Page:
Our beautiful daughter was born on October 11th, 2013. The anticipation of our first child was huge. It was an endless 40 weeks. Whoever said pregnancy is 9 months long is full of it. 40 weeks, 4 weeks per month, do the math. 10 months. I was diagnosed with gestational diabetes during my pregnancy, which was insane given my diet and how healthy I was. As it turned out, I tracked blood sugars for six weeks and never once had an abnormal reading. My acupuncturist at the time told me that wasn’t usual for super-healthy people who’s livers aren’t used to processing crap, for want of a more delicate term. But it was a bit of a set back with the UCSD team and their procedures for birth plans, we risked out of their birth center before our due date.
Valentina’s due date was September 26th. That day came and went with me hoping she’d not make me wait too much longer. Ha ha mama, joke’s on you. She came at 42 weeks exactly – a full 2 weeks after her “guess date” and 4 weeks after I’d stopped work.
We were under the care of midwives within a hospital (UCSD) – so I could see their struggle. As midwives, they knew that she’d come out eventually; but as part of the hospital, they had certain standards of care to follow. Knowing I was a naturopathic doctor helped, as I got myself educated in that specific area as well, so I felt confident in our “negotiations”. What that really meant is that we delayed two inductions, and no showed a third. We trusted that she’d come when she was ready. We were fiercely against induction, which frequently led to epidural, which often led to C-Section. Dave was really amazing and stood by me on this – we had watched The Business of Being Born together, and some other documentaries, so he had really grown in his understanding of things birth-related!
Of course, I did everything within our power to make her come naturally – acupuncture, chiropractic, castor oil (ewwww), and “marital relations”. Nothing helped. Until that final day – I saw the midwife and had membranes swept at 12 noon (for the third time); chugged castor oil at noon and again at 2pm (still ewwww). I was chatting with my sister at 4pm feeling mild contractions, but didn’t say anything because if I chugged that much castor oil I’d probably feel that way come what may. But at 6pm my water broke, at 8pm I was begging to go to the hospital and at 9.01pm, Miss Valentina Elison Ducharme was born (in the triage room). I always thought that after a successful first delivery, I’d want to have future children at home, but actually, I loved the midwife/ hospital combo and would choose that again in a heartbeat. Someone brought me food for two days, what’s not to love.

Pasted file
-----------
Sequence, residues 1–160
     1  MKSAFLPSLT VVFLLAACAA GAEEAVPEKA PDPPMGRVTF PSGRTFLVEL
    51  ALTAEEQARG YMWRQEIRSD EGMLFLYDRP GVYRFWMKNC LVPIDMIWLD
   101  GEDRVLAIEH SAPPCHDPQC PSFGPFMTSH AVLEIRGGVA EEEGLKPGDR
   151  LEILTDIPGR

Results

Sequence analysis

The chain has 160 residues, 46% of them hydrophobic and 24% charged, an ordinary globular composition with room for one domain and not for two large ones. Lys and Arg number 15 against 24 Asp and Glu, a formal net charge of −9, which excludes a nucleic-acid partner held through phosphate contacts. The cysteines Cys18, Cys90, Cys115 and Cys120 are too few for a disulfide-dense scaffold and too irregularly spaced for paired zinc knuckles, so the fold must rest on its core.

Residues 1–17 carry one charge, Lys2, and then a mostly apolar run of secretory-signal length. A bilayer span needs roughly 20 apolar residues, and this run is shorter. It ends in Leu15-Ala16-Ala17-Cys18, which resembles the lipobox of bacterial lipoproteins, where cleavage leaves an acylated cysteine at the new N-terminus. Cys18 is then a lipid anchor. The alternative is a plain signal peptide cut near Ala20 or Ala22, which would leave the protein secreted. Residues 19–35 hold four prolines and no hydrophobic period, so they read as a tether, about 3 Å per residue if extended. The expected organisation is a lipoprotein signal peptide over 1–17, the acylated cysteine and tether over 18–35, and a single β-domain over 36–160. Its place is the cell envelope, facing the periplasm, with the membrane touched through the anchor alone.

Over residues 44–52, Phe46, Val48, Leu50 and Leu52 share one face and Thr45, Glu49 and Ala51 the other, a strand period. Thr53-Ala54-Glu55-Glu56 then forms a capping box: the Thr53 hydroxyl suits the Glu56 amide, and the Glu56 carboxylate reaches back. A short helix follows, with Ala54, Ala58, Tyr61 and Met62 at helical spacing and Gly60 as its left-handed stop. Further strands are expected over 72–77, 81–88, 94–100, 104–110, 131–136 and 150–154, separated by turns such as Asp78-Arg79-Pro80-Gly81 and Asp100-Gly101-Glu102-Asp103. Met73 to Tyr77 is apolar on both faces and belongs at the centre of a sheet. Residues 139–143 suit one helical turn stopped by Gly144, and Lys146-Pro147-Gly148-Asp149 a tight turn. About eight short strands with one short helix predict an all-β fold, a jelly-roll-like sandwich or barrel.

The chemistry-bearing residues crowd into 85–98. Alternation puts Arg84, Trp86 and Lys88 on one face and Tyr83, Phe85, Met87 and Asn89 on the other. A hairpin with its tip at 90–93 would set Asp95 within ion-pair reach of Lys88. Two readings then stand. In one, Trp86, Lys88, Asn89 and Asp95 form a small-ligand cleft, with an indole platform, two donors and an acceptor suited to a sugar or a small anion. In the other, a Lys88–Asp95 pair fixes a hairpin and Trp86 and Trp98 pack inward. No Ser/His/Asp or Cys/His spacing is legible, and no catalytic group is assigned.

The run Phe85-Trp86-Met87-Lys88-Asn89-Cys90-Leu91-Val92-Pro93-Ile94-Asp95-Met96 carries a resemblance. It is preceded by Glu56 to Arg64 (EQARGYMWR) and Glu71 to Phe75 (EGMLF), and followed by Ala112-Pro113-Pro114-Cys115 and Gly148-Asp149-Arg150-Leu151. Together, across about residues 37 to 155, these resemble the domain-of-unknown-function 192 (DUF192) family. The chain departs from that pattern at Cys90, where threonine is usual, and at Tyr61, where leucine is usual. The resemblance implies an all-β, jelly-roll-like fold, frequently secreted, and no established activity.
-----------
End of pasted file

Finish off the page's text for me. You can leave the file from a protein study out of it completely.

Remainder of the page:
Valentina was always a good/ happy/ calm baby. We are truly blessed. She sleeps well, eats well, is funny, happy, social, pretty. She’s a real character. I’m blessed to live a few blocks away from my office, so she comes to visit me at lunch every day and now knows my office staff and half of my patients! At the time I’m writing this and creating this blog, she is 20 months. Each stage gets to be more fun and she gets more and more language, more and more skills, and her personality emerges more and more.
Valentina has absolutely transformed me, and my life. Many people said that being a parent was so difficult. I haven’t honestly found it that hard. It’s just time-consuming. I can’t do everything I used to do. But I’d so much rather play puzzle and read Brown Bear over and over again with her than do anything else at all. It’s such a worthwhile trade off. If throughout the course of this blog it appears that I am completely obsessed and besotted with Valentina, it’s because I am, unabashedly. I make no apologies.
I work with many kids who have health challenges, and I feel so deeply for those mamas. I also know so many mamas who work so hard to optimize their family’s health, and I hope to reach out to all kinds of families and provide some useful information that can help them on their health journey.
Now we’re on the fertility journey, trying to get pregnant again as we’d love to have a second. It’s not quite as easy this time around, so I’ll share some of that journey too along the way.